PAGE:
“It wasn’t just the guy responsible for Congressional relations going to see [Congressional] staff, you had MacNaughton building really close relationships with U.S. lawmakers and leadership in both Houses,” Mr. Miller said, who also sits on the international trade deputy minister’s advisory council.

Along with Mr. MacNaughton, the embassy still has a group of staffers working on Congressional outreach. As of early this year, The Hill Times understands that there were nine staffers in that group, which has grown over time as the government has recognized the importance of Congress. They track Congressional priorities and understand the dynamics of the current U.S. political climate. They also give strategic advice on how Canada can best deliver its message to members of Congress.

Prime Minister Justin Trudeau met with U.S. House Speaker Nancy Pelosi on Capitol Hill in June. Photograph courtesy of Facebook

Within government, credit for the outreach strategy is up for debate. One government official told The Hill Times in April that it was a “whole of government approach” that stretched from the PMO to Global Affairs to the embassy, which had “new significance” after the creation of the PMO’s Canada-U.S. war room in early 2017. The official said Global Affairs played a leading role in it “to some extent.”

But Mr. Miller said he thinks Congressional outreach is a part of Mr. MacNaughton’s legacy in D.C., though he said more impactful than that was the role Mr. MacNaughton played maintaining Canada’s relationship with its southern neighbour at a time of “incredible uncertainty.”

During the renegotiations, talks had broken down and personal attacks were lobbed by the White House at Mr. Trudeau.

Following a testy G7 summit in Charlevoix, Que., in 2018, Mr. Trump, angered by statements Mr. Trudeau made at his concluding press conference—saying Canadians will not be “pushed around” and that U.S. tariffs on steel and aluminum were “kind of insulting”—called Mr. Trudeau “meek and mild” and “very dishonest and weak.” Trump’s economic adviser, Larry Kudlow, said Mr. Trudeau “betrayed” Mr. Trump and “should have known better,” and his trade adviser Peter Navarro took to U.S. cable news to say there was a “special place in hell for any foreign leader that engages in bad-faith diplomacy with Donald J. Trump and then tries to stab him in the back on the way out of the door.”

Along with USMCA negotiator Steve Verheul, Mr. MacNaughton is credited with being the most important figure in the successful renegotiation of NAFTA, according to another government official, operating behind the scenes instead of in public for all to see, and helping reduce heightened emotions.

In short order, he was able to understand the dynamic of the Trump White House and who held influence, the official remarked.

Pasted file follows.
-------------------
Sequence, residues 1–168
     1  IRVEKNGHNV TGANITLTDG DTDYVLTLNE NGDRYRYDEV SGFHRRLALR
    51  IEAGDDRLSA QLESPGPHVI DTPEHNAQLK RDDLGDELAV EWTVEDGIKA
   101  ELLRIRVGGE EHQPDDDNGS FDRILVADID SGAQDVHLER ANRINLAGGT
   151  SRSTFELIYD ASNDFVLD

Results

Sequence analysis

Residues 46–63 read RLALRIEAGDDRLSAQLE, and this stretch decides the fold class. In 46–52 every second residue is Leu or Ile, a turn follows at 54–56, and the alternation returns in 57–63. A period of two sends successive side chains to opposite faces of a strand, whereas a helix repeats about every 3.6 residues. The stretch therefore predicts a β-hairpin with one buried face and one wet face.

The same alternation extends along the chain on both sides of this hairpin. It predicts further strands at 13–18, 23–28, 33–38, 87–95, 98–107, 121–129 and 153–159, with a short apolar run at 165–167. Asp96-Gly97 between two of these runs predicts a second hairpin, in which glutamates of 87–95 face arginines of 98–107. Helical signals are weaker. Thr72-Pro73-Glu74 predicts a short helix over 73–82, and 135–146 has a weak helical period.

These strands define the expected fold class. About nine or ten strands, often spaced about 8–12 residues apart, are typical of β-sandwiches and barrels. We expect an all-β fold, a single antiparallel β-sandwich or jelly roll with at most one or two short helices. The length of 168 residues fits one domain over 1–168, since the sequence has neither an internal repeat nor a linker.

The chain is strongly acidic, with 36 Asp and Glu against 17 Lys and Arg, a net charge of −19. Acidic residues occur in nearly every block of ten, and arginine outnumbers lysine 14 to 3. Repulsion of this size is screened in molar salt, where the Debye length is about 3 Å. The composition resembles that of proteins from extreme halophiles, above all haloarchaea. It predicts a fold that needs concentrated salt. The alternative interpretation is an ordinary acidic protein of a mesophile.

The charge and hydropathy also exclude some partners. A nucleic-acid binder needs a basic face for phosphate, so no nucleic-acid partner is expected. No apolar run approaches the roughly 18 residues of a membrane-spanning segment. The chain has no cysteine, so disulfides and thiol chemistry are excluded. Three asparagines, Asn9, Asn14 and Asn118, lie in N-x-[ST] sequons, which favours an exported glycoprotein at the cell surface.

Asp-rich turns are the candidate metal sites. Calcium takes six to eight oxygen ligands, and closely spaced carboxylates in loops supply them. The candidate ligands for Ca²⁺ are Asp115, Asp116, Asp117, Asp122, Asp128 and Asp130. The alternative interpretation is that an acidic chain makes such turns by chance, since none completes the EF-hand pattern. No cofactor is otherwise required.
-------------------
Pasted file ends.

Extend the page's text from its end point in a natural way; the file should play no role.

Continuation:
MacNaughton and Craft had ‘very positive’ relationship

Mr. Miller called the relationship between Mr. MacNaughton and now-former U.S. ambassador to Canada Kelly Craft “very positive,” which is “absolutely essential” to have between the two countries’ ambassadors.

The way in which Ms. Craft’s connections were leveraged will be the legacy of the MacNaughton-Craft partnership, said Sarah Goldfeder in an email, a principal at Earnscliffe Strategy Group and a former special assistant to two U.S. ambassador to Canada.

In a statement Aug. 9, Ms. Craft said Mr. McNaughton is “an admirable counterpart, a fierce negotiator, and above all, a cherished friend.”

Ms. Craft has been confirmed by the Senate to become the new U.S. ambassador to the United Nations.

Mr. Miller suggested that relationship was most important when dealing with Mr. McConnell, as Ms. Craft’s husband, coal baron Joe Craft, is a top donor to the Senator. Both Ms. Craft and Mr. McConnell are Kentucky natives.

“[Ms. Craft] no doubt reassured [Mr. McConnell] that MacNaughton was a straight shooter and some one you could work with,” Mr. Miller said, “who fought for the interests of his country, but ultimately was pragmatic and could make a deal.”

Mr. Robertson said he couldn’t think of another recent U.S. ambassador with such connections in both the administration and Congress.

“[Craft] played in a different league,” he said, taking issue with those who criticized her attendance record in Ottawa.

“What you want in an American ambassador is somebody to pick up the call and get through to the White House,” Mr. Robertson said. “Given the relationship we are in, it’s much more important that we have a [U.S.] ambassador [in Ottawa] that can get through to the key players and have their confidence.”